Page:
There’s lots on +Gene Robinson. And +Marc Andrus, and now +Kirk Smith and their statements. But nothing on +Mouneer or Apb. Aspinall of Australia. It really seems like many in TEC only want to listen to themselves.
And yes, this is elfgirl writing her own opinion (Hope that’s ok Kendall). I’m not speaking for Kendall. But this stuff needs to be pointed out in my opinion.
(Note: please forgive my lack of using titles (“the Rev’d” etc.). I’m working quickly trying to get this done before I need to call it a night. No disrespect intended. Short and simple is just easier at the moment, especially since I don’t necessarily know the exact status (clergy, lay) or titles of all these bloggers.)
UPDATE / CORRECTION:
Although his focus is on ++Rowan, Fr. Jake actually quotes parts of Jim Naughton’s post from “The Lead” — so there is a mention of the fact that +Mouneer spoke and that the bishops didn’t like it. Here’s Jake’s excerpt of Jim (ellipses are in the post at Jake’s exactly as they are posted here, I’ve cut nothing):
…(Presiding Bishop) Anis was the most confrontational. The bishops we spoke with were depressed by his presentation because it contrasted so sharply with the flexibility expressed in private conversation by other members of the delegation…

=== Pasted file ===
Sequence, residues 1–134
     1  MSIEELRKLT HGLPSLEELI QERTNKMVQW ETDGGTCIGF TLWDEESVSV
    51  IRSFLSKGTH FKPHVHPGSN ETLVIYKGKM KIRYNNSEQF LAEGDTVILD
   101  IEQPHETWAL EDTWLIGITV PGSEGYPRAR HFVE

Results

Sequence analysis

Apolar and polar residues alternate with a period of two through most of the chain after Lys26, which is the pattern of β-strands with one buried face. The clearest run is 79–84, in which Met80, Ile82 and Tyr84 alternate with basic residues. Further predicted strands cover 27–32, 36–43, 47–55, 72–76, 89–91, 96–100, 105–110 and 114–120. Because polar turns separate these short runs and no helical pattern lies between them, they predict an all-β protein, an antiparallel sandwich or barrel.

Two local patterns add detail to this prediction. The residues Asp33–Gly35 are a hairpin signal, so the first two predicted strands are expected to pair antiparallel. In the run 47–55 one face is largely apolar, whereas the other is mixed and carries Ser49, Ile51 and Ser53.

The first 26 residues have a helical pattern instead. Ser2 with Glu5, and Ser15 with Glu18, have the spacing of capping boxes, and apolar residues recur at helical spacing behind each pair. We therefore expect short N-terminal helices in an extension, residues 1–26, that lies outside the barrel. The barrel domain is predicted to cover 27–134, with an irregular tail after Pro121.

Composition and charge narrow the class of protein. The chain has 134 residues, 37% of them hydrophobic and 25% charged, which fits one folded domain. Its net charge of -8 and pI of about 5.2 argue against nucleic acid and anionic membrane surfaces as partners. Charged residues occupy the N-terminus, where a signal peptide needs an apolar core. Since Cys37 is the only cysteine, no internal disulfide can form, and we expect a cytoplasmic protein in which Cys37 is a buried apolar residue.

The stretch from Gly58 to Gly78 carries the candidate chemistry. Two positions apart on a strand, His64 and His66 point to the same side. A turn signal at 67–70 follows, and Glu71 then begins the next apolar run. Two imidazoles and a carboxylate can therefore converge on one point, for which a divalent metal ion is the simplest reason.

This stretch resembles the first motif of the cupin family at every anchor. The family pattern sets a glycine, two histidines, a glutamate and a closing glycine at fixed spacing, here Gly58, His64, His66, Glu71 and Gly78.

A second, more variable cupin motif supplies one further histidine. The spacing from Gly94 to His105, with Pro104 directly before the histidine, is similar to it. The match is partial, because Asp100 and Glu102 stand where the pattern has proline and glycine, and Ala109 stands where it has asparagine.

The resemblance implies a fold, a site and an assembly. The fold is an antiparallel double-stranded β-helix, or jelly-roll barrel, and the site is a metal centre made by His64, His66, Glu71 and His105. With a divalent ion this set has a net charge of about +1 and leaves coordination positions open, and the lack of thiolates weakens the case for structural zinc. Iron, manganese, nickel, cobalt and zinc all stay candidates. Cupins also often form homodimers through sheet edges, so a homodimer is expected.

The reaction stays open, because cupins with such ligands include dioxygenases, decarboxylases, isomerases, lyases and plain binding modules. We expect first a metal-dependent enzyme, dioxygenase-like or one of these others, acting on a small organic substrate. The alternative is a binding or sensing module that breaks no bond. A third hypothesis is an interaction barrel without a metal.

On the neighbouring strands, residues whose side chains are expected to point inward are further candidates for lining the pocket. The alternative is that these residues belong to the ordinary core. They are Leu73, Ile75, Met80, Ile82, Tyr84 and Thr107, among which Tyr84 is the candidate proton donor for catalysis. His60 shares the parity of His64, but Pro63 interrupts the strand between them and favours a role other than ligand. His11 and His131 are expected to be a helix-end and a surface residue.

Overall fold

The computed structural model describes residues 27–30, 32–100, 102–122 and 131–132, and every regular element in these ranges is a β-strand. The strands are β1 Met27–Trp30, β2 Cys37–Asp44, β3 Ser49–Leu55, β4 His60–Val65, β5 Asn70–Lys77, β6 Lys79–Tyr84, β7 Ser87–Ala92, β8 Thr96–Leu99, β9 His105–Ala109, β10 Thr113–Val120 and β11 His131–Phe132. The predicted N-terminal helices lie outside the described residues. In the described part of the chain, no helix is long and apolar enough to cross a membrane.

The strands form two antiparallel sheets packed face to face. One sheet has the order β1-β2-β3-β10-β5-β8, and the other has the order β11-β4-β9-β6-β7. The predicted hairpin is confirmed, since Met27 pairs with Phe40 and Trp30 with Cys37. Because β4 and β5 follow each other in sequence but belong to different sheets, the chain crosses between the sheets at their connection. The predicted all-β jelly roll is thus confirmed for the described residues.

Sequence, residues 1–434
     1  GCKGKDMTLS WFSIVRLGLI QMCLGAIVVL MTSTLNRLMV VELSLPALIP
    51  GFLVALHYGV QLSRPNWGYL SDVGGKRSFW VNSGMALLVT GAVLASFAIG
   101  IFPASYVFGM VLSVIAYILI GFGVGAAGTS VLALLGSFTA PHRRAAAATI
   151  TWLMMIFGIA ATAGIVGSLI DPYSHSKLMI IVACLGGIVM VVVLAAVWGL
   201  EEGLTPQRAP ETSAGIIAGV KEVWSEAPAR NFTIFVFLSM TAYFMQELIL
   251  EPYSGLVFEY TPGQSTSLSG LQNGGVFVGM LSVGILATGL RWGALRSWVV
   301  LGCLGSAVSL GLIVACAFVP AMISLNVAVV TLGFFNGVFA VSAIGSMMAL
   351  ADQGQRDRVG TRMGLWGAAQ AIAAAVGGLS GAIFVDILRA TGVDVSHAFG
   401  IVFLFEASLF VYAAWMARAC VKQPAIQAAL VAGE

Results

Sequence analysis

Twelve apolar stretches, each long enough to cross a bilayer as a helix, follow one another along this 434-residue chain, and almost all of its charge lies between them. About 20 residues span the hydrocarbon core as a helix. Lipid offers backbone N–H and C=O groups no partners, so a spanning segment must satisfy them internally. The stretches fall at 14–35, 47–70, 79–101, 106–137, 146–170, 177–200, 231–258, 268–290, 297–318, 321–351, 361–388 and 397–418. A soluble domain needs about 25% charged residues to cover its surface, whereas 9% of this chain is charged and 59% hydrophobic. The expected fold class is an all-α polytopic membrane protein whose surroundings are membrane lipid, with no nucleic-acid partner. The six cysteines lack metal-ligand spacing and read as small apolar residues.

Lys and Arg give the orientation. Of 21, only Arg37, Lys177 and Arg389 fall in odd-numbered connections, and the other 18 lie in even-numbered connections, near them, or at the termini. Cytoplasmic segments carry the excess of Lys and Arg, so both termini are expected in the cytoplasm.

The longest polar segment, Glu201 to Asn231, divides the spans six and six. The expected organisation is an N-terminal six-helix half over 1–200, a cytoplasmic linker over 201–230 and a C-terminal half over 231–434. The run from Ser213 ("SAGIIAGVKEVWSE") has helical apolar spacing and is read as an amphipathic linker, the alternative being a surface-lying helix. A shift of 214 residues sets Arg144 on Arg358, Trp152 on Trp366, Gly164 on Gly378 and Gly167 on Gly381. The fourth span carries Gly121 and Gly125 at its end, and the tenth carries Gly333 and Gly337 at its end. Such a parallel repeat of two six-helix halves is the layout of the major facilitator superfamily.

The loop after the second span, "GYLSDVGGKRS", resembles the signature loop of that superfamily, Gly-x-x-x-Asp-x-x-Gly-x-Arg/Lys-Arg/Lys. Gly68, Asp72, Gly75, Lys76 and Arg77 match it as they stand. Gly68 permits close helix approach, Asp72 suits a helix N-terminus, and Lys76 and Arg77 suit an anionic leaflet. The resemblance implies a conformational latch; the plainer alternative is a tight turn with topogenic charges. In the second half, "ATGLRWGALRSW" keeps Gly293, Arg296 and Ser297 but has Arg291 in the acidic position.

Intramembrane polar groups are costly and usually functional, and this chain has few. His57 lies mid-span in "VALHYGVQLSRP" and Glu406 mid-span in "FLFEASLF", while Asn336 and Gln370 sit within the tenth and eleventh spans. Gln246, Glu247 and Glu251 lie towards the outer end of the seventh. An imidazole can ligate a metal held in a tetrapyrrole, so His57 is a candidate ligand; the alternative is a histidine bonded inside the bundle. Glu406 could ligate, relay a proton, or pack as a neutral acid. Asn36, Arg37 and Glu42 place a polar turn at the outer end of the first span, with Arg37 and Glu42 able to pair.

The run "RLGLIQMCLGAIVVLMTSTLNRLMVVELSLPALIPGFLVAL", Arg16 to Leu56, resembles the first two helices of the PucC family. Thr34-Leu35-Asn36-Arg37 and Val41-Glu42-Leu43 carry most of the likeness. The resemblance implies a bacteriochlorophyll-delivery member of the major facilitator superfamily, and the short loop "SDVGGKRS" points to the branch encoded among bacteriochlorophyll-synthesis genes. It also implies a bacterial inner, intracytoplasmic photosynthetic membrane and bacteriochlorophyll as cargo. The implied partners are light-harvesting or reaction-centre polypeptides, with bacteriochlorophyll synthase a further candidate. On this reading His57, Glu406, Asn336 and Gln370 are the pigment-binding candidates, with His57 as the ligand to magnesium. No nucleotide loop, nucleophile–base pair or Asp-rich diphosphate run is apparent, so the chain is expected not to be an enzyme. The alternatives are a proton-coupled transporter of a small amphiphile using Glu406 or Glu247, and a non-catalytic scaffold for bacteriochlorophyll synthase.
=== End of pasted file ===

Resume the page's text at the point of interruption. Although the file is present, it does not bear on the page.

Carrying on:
…One bishop we spoke with said a member of the Joint Standing Committee had offered a private apology for Archbishop Anis’ remarks.
Right. So +Anis was confrontational. But what did he say??? The reappraising bloggers aren’t telling us or their regular readers.
UPDATE 2: Ok, it gets even more interesting. The reappraising bloggers are one thing. After all, most blogs aren’t meant to be comprehensive news sources. Bloggers cover what interests them, what they have something to say about. So maybe they choose to ignore +Mouneer. I can live with that. But ENS?
ENS has 4 stories posted under today’s date, Sept. 21.
Archbishop of Canterbury ‘encouraged’ by bishops’ meetings By Pat McCaughan, Sep 21, 2007
Raise prophetic voices against poverty, Paul Farmer tells bishops By Mary Frances Schjonberg, Sep 21, 2007
Archbishop Rowan Williams’ opening remarks at September 21 news conference Sep 21, 2007
Archbishop of Canterbury gets a taste of New Orleans By Mary Frances Schjonberg, Sep 21, 2007
Anyone want to guess how many times the names Mouneer Anis or even Australian Primate Aspinall appear in these 4 articles? If you guessed ZERO, you get the gold ring! Nope. Not one mention of either Primate. No mention of +Morgan who supports TEC’s agenda. No mention of any of the Joint Standing Committee or their remarks that I can find at ENS today.
And yet, we have an 800+ word feature on some medical anthropologist and his remarks. Simply unbelievable.